The evolution of surgical techniques in European studies culminated in total mesorectal excision (TME), first promoted by Heald, wherein en bloc resection of the rectum with its mesorectum is performed to the levator muscles in the avascular plane outside of the mesorectum. The mesorectum is enveloped by the visceral rectal fascia, which separates it from the parietal endopelvic fascia; sandwiched between the two fasciae lies a thin layer of fat that is filled with loose tissue (the “holy plane of Heald”), containing nerves for the pelvic organs. Embryologically, the rectum and mesorectum (and their vessels and lymphatics) develop together; thus, the plane that describes this resection respects the anatomy and embryological origins.[12,13]
This achievement became the new standard: local failures after TME alone for pT3-4 and N1-2 disease with a medium-risk or low-risk presentation ranged from 15% to 21%, and 5-year local recurrence reached as low as 5%, causing integrated approaches with an adequate and meticulous surgical procedure to be questioned.
European studies concluded that surgical quality significantly influences local recurrence and survival. Quirke proposed three planes, classifying the quality of the respective resected specimens as high, acceptable, or poor: mesorectal plane (intact mesorectum—high quality), intramesorectal plane (minor irregularities of the mesorectal surface—acceptable), and muscularis propria plane (specimen with high loss of mesorectum—poor quality). This classification correlates significantly with survival outcomes.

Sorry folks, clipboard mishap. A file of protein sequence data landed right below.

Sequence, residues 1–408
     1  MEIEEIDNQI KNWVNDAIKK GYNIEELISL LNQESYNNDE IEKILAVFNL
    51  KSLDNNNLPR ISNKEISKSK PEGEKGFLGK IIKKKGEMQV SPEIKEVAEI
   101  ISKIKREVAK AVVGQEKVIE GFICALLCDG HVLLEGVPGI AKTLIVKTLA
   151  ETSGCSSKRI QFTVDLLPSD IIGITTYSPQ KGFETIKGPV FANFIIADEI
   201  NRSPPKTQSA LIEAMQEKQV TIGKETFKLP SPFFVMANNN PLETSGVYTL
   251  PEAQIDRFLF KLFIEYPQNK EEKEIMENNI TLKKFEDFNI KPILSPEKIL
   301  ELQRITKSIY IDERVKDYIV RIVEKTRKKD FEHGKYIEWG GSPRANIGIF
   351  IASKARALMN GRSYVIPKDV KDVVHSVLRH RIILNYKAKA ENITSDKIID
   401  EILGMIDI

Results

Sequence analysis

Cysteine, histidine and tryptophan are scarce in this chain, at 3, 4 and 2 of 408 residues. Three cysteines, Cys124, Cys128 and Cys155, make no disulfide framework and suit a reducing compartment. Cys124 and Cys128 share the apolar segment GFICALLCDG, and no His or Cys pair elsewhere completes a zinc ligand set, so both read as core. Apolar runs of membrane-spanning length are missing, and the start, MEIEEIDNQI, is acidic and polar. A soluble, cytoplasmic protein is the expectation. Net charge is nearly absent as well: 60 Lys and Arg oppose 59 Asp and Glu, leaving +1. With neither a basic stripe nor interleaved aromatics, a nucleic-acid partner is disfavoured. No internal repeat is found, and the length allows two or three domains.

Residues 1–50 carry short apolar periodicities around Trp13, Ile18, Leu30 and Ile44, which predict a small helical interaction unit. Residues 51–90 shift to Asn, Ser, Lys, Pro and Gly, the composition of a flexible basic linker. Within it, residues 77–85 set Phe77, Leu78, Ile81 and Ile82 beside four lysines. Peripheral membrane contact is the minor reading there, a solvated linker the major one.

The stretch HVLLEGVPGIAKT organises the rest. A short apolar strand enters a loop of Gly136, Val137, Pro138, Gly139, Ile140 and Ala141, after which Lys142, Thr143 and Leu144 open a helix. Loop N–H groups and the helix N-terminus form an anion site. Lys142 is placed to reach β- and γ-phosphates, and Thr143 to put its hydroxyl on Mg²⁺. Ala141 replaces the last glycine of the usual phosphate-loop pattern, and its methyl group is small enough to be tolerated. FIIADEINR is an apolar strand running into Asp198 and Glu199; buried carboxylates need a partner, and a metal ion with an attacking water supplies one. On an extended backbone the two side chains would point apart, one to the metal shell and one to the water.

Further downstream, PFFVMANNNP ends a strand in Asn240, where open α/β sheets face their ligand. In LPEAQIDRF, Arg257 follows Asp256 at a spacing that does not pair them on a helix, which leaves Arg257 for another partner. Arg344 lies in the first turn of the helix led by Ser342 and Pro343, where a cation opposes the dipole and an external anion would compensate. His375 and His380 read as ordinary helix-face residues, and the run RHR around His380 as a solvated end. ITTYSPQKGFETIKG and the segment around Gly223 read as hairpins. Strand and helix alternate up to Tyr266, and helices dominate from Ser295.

Studies in the mid-1980s demonstrated that margin involvement was central in effecting local control and that the distance between microscopic tumor penetration and surgical circumferential resection margin (CRM) was more significant than the distal or proximal margin. European groups have recently reported that magnetic resonance imaging (MRI) predicts the risk of CRM involvement or threat before surgery. MRI can define involvement of the mesorectal fascia (MRF); if the MRF is involved or if the lesion gets as close as 1 mm from the MRF, there is a high risk of a positive CRM if only TME is performed—hence, the proposal of the term “MRF +/−”[18,19]
The “Dutch Trial” (2001) was a multicenter randomized study with certified quality of surgery; it compared TME alone to preoperative SC RT followed by TME. Of the 1861 subjects, local failure rates were better in the integrated treatment arm for stage II and stage III patients than in the surgery-alone arm: 2-year overall local failure was 2.4% and 8.2%, respectively (P < .001) (stage II: 1% vs 5.7%; stage III: 4.3% vs 15%). Survival did not differ (82.0% vs 81.8%). This study supported integrated treatment, even if adequate and certified TME was performed. In the 12-year follow-up update, the 10-year cumulative local recurrence rate was 5% for RT plus surgery and 11% for surgery alone(P < .0001). Overall survival did not differ between the two groups. Notably, in TNM stage III patients who had a negative CRM, 10-year survival was 50% in the RT-plus-surgery group compared with 40% in the surgery-alone group (P = .032). The “Dutch Trial” concluded that a positive CRM was a robust predictor of local recurrence, for which planned postoperative RT, in patients with pathological evidence of CRM positivity, could not compensate.